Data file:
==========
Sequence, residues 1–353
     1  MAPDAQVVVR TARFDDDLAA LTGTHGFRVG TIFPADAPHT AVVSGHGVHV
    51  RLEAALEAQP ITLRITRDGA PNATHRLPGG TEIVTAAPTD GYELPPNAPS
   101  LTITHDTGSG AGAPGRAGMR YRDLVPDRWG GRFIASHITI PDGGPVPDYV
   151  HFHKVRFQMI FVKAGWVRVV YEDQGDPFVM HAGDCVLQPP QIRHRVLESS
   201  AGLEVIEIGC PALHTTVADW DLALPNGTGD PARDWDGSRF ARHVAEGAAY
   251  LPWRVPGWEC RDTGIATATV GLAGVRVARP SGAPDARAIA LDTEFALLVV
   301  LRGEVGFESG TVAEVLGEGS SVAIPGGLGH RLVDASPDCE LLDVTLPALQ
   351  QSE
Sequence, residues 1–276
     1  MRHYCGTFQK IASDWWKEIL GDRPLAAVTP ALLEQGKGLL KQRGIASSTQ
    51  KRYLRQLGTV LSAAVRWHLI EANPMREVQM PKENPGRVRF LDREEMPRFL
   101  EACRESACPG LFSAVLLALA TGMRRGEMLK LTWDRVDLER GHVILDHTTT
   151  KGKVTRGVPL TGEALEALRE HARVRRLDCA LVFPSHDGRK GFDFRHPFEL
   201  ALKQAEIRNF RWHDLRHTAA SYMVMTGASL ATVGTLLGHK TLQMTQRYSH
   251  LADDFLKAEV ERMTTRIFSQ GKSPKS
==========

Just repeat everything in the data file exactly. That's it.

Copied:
Sequence, residues 1–353
     1  MAPDAQVVVR TARFDDDLAA LTGTHGFRVG TIFPADAPHT AVVSGHGVHV
    51  RLEAALEAQP ITLRITRDGA PNATHRLPGG TEIVTAAPTD GYELPPNAPS
   101  LTITHDTGSG AGAPGRAGMR YRDLVPDRWG GRFIASHITI PDGGPVPDYV
   151  HFHKVRFQMI FVKAGWVRVV YEDQGDPFVM HAGDCVLQPP QIRHRVLESS
   201  AGLEVIEIGC PALHTTVADW DLALPNGTGD PARDWDGSRF ARHVAEGAAY
   251  LPWRVPGWEC RDTGIATATV GLAGVRVARP SGAPDARAIA LDTEFALLVV
   301  LRGEVGFESG TVAEVLGEGS SVAIPGGLGH RLVDASPDCE LLDVTLPALQ
   351  QSE
Sequence, residues 1–276
     1  MRHYCGTFQK IASDWWKEIL GDRPLAAVTP ALLEQGKGLL KQRGIASSTQ
    51  KRYLRQLGTV LSAAVRWHLI EANPMREVQM PKENPGRVRF LDREEMPRFL
   101  EACRESACPG LFSAVLLALA TGMRRGEMLK LTWDRVDLER GHVILDHTTT
   151  KGKVTRGVPL TGEALEALRE HARVRRLDCA LVFPSHDGRK GFDFRHPFEL
   201  ALKQAEIRNF RWHDLRHTAA SYMVMTGASL ATVGTLLGHK TLQMTQRYSH
   251  LADDFLKAEV ERMTTRIFSQ GKSPKS